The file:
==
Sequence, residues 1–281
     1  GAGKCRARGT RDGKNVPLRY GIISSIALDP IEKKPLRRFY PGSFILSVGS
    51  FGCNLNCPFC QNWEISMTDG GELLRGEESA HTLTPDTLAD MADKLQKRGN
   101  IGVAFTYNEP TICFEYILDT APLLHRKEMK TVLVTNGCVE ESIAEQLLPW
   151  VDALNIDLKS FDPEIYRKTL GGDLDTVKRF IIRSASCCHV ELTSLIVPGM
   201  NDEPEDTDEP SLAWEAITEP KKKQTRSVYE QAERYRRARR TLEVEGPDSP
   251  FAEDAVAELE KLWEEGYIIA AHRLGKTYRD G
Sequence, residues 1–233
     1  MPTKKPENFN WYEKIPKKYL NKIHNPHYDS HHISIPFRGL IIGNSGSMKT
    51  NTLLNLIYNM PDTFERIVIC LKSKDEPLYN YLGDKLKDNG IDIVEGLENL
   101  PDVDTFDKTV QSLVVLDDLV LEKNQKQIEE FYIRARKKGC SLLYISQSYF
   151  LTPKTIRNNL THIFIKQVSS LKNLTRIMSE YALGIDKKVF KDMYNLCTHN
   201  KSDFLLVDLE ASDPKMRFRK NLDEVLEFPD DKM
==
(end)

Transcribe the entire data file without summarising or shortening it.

Sequence, residues 1–281
     1  GAGKCRARGT RDGKNVPLRY GIISSIALDP IEKKPLRRFY PGSFILSVGS
    51  FGCNLNCPFC QNWEISMTDG GELLRGEESA HTLTPDTLAD MADKLQKRGN
   101  IGVAFTYNEP TICFEYILDT APLLHRKEMK TVLVTNGCVE ESIAEQLLPW
   151  VDALNIDLKS FDPEIYRKTL GGDLDTVKRF IIRSASCCHV ELTSLIVPGM
   201  NDEPEDTDEP SLAWEAITEP KKKQTRSVYE QAERYRRARR TLEVEGPDSP
   251  FAEDAVAELE KLWEEGYIIA AHRLGKTYRD G
Sequence, residues 1–233
     1  MPTKKPENFN WYEKIPKKYL NKIHNPHYDS HHISIPFRGL IIGNSGSMKT
    51  NTLLNLIYNM PDTFERIVIC LKSKDEPLYN YLGDKLKDNG IDIVEGLENL
   101  PDVDTFDKTV QSLVVLDDLV LEKNQKQIEE FYIRARKKGC SLLYISQSYF
   151  LTPKTIRNNL THIFIKQVSS LKNLTRIMSE YALGIDKKVF KDMYNLCTHN
   201  KSDFLLVDLE ASDPKMRFRK NLDEVLEFPD DKM